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Painting & Wallpapering/Re-painting exterior door trim


QUESTION: Hi, we have two exterior doors in need of new paint, because there are some areas of peeling and chipping. Would like to know what we need to do to prepare it, do we have to strip all the paint from the frames or just areas that are chipping? We will be painting the entire frames to have a fresh look, but not sure it needing to strip everything? Hope you could help. Also, the paint color is a dark brown and the frame is wood, put not sure type, but it I had to guess, would be pine.

Thank you

ANSWER: I'll be happy to help, but could you send me a pic?  I need to see the peeling and chipping of the paint in order to give you the very best advice.  

---------- FOLLOW-UP ----------

Frame of Door
Frame of Door  

Bottom of door
Bottom of door  
QUESTION: Attached are couple of pictures

Those pictures give me the information I needed.  Thanks very much.  This is a fairly simple fix, since there's really not that much paint on the doors or trim.  Below is a list of the steps to take in order to prepare the door and surface properly.  They are in order, so just start at #1 and work your way down the list.  Any good painter will tell you that a quality paint-job must begin with excellent preparation, so take your time on these and do them to the best of your ability, and it will pay off in the end!

1.  Dust or sweep the door and frame to remove loose dirt and debris.  Wipe the door down afterwards with a semi-damp cloth.  A quick cleaning of these surfaces is done at this point, (before the sanding), to prevent you from sanding the dirt & grime into the surface of the door, which could cause deep scratches.  

2.  Scrape the loose paint off the door frame.  Since I don't have much of a visual of the door, I'm assuming the paint on the door is fairly in tact, but if there's loose paint, scrape it also.  Don't put too much pressure on the scraper because you don't want to gouge the wood.

3.  After the loose paint is scraped, use a medium-grit sanding sponge to sand the frame first.  If you haven't ever used a sanding sponge before, they usually come in 3 grits:  Light, Medium and Heavy.  They're perfect for this job, since they are rigid enough to sand corners thoroughly, but flexible enough to contour and bend to the curves of the wood.  I'd get at least 2 sponges.  The frames require the most sanding, so you'll want to use the new sponges on the frames.  Once the frames are sanded, sand the doors with the slightly-worn sponges.  Most DIY'ers aren't clear on how much to sand or to what extent, so I'll be clear:  You should sand the frames to where there is no gloss or sheen left from the existing paint and the edges of the parts where the raw wood meets the paint should be feathered smooth enough to NOT be able to chip away any more paint with your finger.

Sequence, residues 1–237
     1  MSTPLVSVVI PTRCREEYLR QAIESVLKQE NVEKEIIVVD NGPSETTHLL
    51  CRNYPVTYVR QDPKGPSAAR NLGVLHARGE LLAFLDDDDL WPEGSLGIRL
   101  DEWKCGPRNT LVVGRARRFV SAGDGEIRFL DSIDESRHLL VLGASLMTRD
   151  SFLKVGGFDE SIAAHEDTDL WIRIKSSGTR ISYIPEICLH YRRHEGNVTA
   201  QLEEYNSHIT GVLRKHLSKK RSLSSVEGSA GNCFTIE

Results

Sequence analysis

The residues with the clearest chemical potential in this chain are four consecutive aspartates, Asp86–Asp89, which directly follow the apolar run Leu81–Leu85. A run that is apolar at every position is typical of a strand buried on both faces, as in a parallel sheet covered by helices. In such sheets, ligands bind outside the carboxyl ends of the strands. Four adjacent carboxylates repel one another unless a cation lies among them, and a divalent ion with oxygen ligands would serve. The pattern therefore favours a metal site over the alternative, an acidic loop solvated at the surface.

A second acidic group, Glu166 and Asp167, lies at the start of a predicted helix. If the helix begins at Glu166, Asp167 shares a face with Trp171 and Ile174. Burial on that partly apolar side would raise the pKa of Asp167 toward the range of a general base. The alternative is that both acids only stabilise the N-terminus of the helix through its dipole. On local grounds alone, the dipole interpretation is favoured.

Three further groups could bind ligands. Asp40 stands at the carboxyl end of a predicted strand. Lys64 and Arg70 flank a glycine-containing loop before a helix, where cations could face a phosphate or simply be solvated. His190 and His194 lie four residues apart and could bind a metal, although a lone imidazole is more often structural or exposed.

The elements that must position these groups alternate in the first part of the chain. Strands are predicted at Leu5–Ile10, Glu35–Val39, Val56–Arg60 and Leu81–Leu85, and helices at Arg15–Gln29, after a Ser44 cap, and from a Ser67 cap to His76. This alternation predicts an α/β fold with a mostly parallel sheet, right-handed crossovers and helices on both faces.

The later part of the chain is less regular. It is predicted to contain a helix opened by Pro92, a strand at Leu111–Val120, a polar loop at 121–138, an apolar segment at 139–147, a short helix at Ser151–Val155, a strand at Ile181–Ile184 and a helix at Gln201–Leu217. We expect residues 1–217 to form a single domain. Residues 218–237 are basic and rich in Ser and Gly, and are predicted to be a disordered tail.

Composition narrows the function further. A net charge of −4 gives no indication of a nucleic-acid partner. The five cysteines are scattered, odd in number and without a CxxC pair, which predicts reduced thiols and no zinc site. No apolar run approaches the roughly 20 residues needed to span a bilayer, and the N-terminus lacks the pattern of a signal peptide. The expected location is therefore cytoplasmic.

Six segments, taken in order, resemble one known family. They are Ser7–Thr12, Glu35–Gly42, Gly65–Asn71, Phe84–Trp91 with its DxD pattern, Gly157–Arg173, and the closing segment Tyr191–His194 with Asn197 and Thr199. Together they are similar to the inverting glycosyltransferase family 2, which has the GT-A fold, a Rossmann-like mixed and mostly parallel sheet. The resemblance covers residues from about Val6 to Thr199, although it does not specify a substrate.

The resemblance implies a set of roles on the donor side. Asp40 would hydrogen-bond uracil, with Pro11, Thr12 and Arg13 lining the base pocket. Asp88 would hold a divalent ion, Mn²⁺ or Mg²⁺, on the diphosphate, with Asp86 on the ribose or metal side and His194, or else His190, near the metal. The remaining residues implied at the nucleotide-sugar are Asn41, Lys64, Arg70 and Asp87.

4.  Once the door and frame are sanded thoroughly, dust them off and wipe them down with a clean dry rag.  Avoid water at this point, since you'll probably have exposed raw wood on the frame.

5.  Do all necessary masking, (frame, ground, perimeter, hardware, glass, etc.).

6.  Caulk the frame's seams and joints using a paint-able caulk.  Follow instructions on the caulk tube as far as dry-time before painting.  

7.  Either use a primer over the raw wood areas or use a finish coat that's a primer & paint in-one.

That's it!  Now you're ready for paint.  I may sound like a broken record, but please take your time with the prep.  95% of homeowners/DIY'ers end up having problems with the quality or longevity of their paint-jobs due to being in a big rush to start painting.  Although painting is the fun part, it's about 20% of the total work.  The other 80% is the prep & clean-up.  Happy prepping!

Troy Stevens, Stelzer Painting Inc.

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troy stevens


Questions I could answer would be anything related to the preparation and painting of a house or building. This would include both interior and exterior painting for residential and commercial structures. I'm well-versed in all painting and staining applications, products and methods. Questions I couldn't answer would be primarily those related to automotive, industrial or marine painting.


I've been painting professionally for over 26 years and I've owned my own business, Stelzer Painting Inc., for more than 16 years now. We specialize in interior & exterior painting for residential & commercial clients, re-paints, remodels & new construction. I'm fully licensed, bonded and insured. I have hundreds of referrals from past customers, an A+ rating through the BBB, and an A rating on Angie's List.

-Better Business Bureau, A+ Rating -Angie's List, A Rating -Construction Contractor's Board Member, (#202027). -PDX Advisory Group Member. -Licensed General Contractor -Licensed RRP Firm

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-High School Diploma -Studied at Mt. Hood Community College, Lane Community College and University of Oregon. -Recently completed continuing education requirements for licensing through the Construction Contractor's Board. -RRP Certified for lead-based paint removal through the state of Oregon. -Although my Real Estate License has lapsed, I was a licensed Realtor for several years as well.

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I've managed to maintain a perfect service record since beginning my business in 1998, with over 1,000 satisfied customers and no complaints. Professionally speaking, this is my proudest achievement.

Past/Present Clients
Richard Swails: (503) 636-7377 Mr. & Mrs. Scott: (360) 718-8676 Lonnie Tongate: (971) 645-7285 On my website,, I also have a link to my referral list, which contains several hundreds more.

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